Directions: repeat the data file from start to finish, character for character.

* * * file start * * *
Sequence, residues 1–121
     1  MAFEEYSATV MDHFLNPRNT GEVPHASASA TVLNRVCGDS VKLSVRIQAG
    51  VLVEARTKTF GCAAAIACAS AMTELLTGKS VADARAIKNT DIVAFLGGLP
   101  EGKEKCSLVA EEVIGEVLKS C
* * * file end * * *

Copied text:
Sequence, residues 1–121
     1  MAFEEYSATV MDHFLNPRNT GEVPHASASA TVLNRVCGDS VKLSVRIQAG
    51  VLVEARTKTF GCAAAIACAS AMTELLTGKS VADARAIKNT DIVAFLGGLP
   101  EGKEKCSLVA EEVIGEVLKS C